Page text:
Author: Tony Bradley

I have a passion for technology and gadgets--with a focus on Microsoft and security--and a desire to help others understand how technology can affect or improve their lives. I also love spending time with my wife, 7 kids, 2 dogs, 5 cats, 1 rabbit, 2 ferrets, a pot-bellied pig, and sulcata tortoise, and I like to think I enjoy reading and golf even though I never find time for either. You can contact me directly at tony@xpective.net. For more from me, you can follow me on Twitter, Facebook, Instagram and LinkedIn.

There are a number of factors that make up effective cybersecurity, but there is one that stands out—visibility. It’s a simple fact that you can’t protect what you aren’t even aware you have. The very best vulnerability and patch management solutions, endpoint protection, and other security tools still can’t protect devices they don’t know about. That is why Qualys has made comprehensive visibility and an accurate asset inventory the foundation and cornerstone of protection. Qualys CEO Sumedh Thakar explains in a blog post, “You can’t secure what you do not know or can’t see. Further, you can’t protect what you…

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TechSpective Podcast Episode 070 How do you know where the weak spots are in your cybersecurity defenses? One of the best ways is to engage a third-party–an external set of eyes and skills–to conduct a penetration test and try to find them. John Sawyer, Director of Services, Red Team at IOActive, joins me on this episode of the TechSpective Podcast to talk about what red, blue, and purple team engagements are and why they’re invaluable for companies to help improve cybersecurity. Just as it is sometimes challenging to edit your own writing because your brain reads what you meant to…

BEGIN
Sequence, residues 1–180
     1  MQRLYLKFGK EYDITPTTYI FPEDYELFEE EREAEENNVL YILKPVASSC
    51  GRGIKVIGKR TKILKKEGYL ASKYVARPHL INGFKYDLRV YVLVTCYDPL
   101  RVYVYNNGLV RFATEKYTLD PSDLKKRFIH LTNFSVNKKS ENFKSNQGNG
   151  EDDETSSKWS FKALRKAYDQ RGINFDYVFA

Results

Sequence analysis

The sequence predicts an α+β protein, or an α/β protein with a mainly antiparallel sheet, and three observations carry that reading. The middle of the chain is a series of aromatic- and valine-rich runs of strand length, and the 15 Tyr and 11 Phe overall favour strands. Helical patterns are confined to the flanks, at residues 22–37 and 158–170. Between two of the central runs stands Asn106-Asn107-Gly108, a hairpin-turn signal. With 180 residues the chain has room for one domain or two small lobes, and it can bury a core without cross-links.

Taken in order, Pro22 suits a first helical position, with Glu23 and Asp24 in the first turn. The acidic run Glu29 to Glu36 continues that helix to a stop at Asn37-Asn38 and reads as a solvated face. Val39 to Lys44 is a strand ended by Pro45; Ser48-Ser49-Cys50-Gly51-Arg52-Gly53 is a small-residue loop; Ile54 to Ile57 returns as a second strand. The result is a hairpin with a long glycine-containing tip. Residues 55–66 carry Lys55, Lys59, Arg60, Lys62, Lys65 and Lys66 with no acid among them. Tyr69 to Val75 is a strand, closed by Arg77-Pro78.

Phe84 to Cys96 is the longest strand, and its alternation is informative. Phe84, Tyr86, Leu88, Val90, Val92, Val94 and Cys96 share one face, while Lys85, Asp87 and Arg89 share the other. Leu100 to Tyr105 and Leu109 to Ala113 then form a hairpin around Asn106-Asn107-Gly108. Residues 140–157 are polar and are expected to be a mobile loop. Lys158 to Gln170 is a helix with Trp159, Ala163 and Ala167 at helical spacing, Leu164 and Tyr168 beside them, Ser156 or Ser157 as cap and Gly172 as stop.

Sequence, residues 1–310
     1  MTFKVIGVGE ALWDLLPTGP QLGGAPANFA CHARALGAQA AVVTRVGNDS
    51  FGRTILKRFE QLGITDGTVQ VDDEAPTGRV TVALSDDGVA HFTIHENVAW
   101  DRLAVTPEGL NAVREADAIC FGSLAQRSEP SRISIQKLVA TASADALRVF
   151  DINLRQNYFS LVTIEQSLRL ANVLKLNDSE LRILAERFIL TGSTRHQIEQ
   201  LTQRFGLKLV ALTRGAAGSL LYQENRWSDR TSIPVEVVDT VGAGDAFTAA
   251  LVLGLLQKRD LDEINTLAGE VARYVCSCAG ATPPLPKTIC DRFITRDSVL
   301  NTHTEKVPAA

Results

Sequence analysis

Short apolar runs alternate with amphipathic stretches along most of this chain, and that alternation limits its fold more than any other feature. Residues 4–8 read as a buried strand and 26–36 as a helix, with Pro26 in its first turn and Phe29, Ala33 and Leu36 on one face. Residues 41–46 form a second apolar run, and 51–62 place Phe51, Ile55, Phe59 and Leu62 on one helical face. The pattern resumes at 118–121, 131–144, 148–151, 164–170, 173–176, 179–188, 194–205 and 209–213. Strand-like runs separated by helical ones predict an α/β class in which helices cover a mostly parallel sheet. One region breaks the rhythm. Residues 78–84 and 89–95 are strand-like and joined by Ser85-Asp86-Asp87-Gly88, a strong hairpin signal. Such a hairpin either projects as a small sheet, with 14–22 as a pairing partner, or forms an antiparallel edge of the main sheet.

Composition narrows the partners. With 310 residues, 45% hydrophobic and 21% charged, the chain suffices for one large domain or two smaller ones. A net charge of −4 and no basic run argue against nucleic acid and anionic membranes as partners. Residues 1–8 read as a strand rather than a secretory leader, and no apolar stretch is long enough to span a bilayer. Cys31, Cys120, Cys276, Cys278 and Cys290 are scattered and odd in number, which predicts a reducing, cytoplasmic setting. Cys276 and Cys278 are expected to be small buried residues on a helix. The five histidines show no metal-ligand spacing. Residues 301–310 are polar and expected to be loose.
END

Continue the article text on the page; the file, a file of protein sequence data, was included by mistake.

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Data is essentially the “oil” or “gold” of the Internet Era. Data is crucial for both businesses and individuals—and has significant value for cybercriminals. Data needs to be protected, but that is often easier said than done. Encryption is one of the most effective and widely used methods for protecting data, but the security it provides is a function of the strength of the algorithm, and you need to have a balance between security and performance—a balance that will be even more difficult as quantum computing continues to evolve. Intel recognizes the challenges that come with encryption and is working…

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TechSpective Podcast Episode 068 I’ve always been a huge fan of fighter jets and space exploration–so it was a huge privilege to have Jack Fischer join me for this podcast. Jack “2fish” Fischer (Colonel, U.S. Air Force, Retired) is a combat fighter pilot, test pilot, astronaut, and military space operations leader. Fischer is a distinguished graduate of the U.S. Air Force Academy and a Massachusetts Institute of Technology Draper Fellow. He flew two combat tours in the F-15E as part of Operation Southern Watch, Operation Enduring Freedom and Operation Southern Focus. As a distinguished graduate from the U.S. Air Force…

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TechSpective Podcast Episode 068 Adam Philpott, Senior VP, EMEA for McAfee, is my guest for this episode of the TechSpective Podcast. With decades of experience in networking and cybersecurity, Adam brings tremendous insight to the table when it comes to zero trust and ZTNA (zero trust network access). Zero trust is pretty mainstream at this point–an evolution or extension of the concept of least privileged access, but taking things to another level for improved security against today’s advanced threats. As businesses around the world have embraced remote work and adopted a completely–or nearly completely–work-from-home workforce, the need for zero trust…